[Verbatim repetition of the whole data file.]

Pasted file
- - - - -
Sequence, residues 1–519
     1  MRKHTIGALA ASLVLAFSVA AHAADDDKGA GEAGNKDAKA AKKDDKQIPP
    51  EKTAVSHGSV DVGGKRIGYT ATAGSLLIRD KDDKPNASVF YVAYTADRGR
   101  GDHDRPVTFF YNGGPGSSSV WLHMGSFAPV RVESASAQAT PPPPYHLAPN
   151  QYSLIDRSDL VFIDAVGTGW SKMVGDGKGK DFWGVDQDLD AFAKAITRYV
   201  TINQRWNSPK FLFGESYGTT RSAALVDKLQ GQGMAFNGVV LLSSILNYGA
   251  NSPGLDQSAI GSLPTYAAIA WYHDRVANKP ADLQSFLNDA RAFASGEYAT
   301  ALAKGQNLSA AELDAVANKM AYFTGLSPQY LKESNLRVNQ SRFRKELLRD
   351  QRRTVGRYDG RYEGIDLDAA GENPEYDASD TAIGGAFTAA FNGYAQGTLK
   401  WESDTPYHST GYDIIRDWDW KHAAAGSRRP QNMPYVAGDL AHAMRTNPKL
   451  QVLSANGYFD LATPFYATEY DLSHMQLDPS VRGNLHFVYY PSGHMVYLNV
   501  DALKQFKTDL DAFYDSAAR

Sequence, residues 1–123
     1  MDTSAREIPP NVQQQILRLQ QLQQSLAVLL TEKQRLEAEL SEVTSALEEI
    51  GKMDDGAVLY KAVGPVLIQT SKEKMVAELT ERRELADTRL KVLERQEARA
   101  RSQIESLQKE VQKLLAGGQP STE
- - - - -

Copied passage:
Sequence, residues 1–519
     1  MRKHTIGALA ASLVLAFSVA AHAADDDKGA GEAGNKDAKA AKKDDKQIPP
    51  EKTAVSHGSV DVGGKRIGYT ATAGSLLIRD KDDKPNASVF YVAYTADRGR
   101  GDHDRPVTFF YNGGPGSSSV WLHMGSFAPV RVESASAQAT PPPPYHLAPN
   151  QYSLIDRSDL VFIDAVGTGW SKMVGDGKGK DFWGVDQDLD AFAKAITRYV
   201  TINQRWNSPK FLFGESYGTT RSAALVDKLQ GQGMAFNGVV LLSSILNYGA
   251  NSPGLDQSAI GSLPTYAAIA WYHDRVANKP ADLQSFLNDA RAFASGEYAT
   301  ALAKGQNLSA AELDAVANKM AYFTGLSPQY LKESNLRVNQ SRFRKELLRD
   351  QRRTVGRYDG RYEGIDLDAA GENPEYDASD TAIGGAFTAA FNGYAQGTLK
   401  WESDTPYHST GYDIIRDWDW KHAAAGSRRP QNMPYVAGDL AHAMRTNPKL
   451  QVLSANGYFD LATPFYATEY DLSHMQLDPS VRGNLHFVYY PSGHMVYLNV
   501  DALKQFKTDL DAFYDSAAR

Sequence, residues 1–123
     1  MDTSAREIPP NVQQQILRLQ QLQQSLAVLL TEKQRLEAEL SEVTSALEEI
    51  GKMDDGAVLY KAVGPVLIQT SKEKMVAELT ERRELADTRL KVLERQEARA
   101  RSQIESLQKE VQKLLAGGQP STE